Criminal actors are taking advantage of a spike in online commerce.
As the COVID-19 viral pandemic continues to cause major disruptions throughout the global economy, countless restaurants across the U.S. are shifting to a delivery- or pickup-only business model in order to survive, often with a heavy reliance on online orders and digital payment.
Criminal actors are taking advantage of this spike in online commerce: March 2020 saw a 600 percent increase in email phishing scams, whereby criminals send employees official-looking emails in an attempt to obtain accounts passwords, sensitive data or access to internal systems. This pandemic is making it even more clear that every restaurant accepting online orders must protect its customers with a robust cybersecurity program and protect its own financial and legal interests with a cyber insurance policy.
What Threats Do Cyber Attacks Pose?
Recent years have proven that no company is immune from cyber attacks, whether it’s a small family-owned business or an industry-leading international corporation. Every digital transaction contains a treasure trove of personal data, including financial accounts, physical addresses, phone numbers and email addresses that can be illegally sold on the ‘dark web’ to anyone for any purpose.
As customers freely provide this data to a restaurant in the name of convenience, it is up to ownership to take all necessary precautions to protect and secure that data for the safety of their customers and their business.
Digital breaches can have severe effects on a business, ranging from loss of customer trust to prolonged law enforcement investigations to customer lawsuits. In an already challenging business environment, owners don’t have room for secondary interruptions that could further hamper sales or reputation. Ransomware is another top concern, which occurs when a criminal gains access to a business’ computer network, then locks the owners out of their own systems and demands a ransom payment to give back access.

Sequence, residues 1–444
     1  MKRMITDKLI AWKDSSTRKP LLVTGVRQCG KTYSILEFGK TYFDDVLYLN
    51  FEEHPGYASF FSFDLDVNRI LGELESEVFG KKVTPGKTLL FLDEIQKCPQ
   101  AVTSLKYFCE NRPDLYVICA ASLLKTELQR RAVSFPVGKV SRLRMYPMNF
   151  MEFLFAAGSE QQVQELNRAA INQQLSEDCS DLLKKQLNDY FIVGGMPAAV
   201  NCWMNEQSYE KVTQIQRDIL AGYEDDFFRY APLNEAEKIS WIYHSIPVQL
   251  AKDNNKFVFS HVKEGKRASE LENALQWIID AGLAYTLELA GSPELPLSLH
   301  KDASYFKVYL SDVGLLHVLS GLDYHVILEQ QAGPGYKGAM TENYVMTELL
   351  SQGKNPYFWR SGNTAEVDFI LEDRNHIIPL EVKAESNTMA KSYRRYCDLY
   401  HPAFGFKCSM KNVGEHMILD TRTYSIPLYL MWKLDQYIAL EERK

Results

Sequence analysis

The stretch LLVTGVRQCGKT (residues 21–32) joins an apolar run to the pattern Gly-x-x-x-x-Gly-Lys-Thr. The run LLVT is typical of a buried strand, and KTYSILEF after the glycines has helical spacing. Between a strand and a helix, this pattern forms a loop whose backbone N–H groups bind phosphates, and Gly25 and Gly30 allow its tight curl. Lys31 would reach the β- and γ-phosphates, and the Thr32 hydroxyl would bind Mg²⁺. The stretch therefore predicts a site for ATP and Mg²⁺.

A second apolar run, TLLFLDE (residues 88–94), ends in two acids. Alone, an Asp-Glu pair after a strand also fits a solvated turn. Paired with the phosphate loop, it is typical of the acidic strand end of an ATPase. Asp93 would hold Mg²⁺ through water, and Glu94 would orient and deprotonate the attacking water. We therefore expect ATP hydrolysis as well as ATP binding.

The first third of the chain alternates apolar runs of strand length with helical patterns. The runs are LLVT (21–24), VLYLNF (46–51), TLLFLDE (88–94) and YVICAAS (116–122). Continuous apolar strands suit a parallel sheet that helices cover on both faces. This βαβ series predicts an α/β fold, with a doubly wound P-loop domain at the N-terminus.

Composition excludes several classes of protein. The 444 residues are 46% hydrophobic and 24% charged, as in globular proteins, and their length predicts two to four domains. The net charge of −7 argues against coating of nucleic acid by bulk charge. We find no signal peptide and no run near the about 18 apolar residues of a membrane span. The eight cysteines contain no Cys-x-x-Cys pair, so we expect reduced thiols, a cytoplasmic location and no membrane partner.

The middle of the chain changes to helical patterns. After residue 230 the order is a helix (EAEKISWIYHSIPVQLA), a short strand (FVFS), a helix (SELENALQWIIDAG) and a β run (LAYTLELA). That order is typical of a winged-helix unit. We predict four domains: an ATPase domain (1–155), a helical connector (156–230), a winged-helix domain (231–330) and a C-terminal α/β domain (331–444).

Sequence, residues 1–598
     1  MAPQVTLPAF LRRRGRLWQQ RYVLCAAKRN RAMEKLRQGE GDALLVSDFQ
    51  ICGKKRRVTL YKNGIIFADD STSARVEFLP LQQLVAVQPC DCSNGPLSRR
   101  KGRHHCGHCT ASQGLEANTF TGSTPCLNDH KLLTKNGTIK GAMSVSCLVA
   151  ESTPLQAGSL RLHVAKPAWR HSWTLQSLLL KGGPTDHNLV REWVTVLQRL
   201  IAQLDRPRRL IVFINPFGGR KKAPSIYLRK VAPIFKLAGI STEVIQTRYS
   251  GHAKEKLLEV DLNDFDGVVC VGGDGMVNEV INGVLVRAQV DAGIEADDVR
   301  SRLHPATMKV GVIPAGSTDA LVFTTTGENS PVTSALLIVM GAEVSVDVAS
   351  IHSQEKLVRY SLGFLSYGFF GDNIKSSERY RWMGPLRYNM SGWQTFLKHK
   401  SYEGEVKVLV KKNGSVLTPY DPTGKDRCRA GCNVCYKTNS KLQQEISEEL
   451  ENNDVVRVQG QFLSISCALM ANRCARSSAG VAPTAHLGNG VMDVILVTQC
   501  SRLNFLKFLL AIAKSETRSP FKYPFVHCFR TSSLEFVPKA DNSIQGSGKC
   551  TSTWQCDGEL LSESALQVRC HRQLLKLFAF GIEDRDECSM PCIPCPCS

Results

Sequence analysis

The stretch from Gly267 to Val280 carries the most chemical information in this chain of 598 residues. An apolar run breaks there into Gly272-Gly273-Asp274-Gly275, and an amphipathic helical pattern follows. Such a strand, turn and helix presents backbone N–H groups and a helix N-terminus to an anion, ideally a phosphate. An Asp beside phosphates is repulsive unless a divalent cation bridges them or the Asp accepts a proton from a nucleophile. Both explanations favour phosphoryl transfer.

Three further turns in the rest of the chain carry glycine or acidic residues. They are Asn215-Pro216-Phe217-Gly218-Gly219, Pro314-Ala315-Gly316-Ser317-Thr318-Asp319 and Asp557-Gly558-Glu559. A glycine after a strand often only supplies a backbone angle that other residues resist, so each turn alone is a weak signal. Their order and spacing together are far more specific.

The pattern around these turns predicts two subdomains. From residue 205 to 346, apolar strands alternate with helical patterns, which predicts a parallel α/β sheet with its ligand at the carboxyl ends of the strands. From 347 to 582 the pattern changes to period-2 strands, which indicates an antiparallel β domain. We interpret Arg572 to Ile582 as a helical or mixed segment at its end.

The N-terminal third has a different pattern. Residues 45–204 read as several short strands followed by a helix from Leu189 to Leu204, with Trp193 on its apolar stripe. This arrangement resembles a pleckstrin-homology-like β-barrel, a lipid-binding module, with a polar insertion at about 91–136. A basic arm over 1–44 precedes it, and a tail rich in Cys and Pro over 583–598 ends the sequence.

Both ransomware and phishing attacks rely on human error and weaknesses in cybersecurity protocols to gain system access. As more and more commerce is transacted online, consolidating more data and requiring more employees to have access, the opportunities for digital breaches grow.
What Does Cyber Insurance Do?
Most major insurers offer policies that provide financial and legal protection from cyber threats such as data theft or ransomware. If a cyber attack occurs, properly insured companies may receive financial compensation, but even more importantly can be given access to a professional digital security firm that provides services such as a comprehensive risk assessment, security awareness training and assistance in dealing with law enforcement. Specifics will of course depend on the distinct policy and insurer. Many policies also include provisions to handle potential customer lawsuits over privacy violations.
What Happens After a Restaurant Suffers a Cyber Attack?
According to Neil Gurnhill the CEO at NODE and his team of digital experts, once a criminal actor has access to a company’s computer system, it can take up to four to six months to identify them in the network, and up to nine months to kick them out. Depending on the scale of the breach and the type of data accessed, the FBI may even get involved.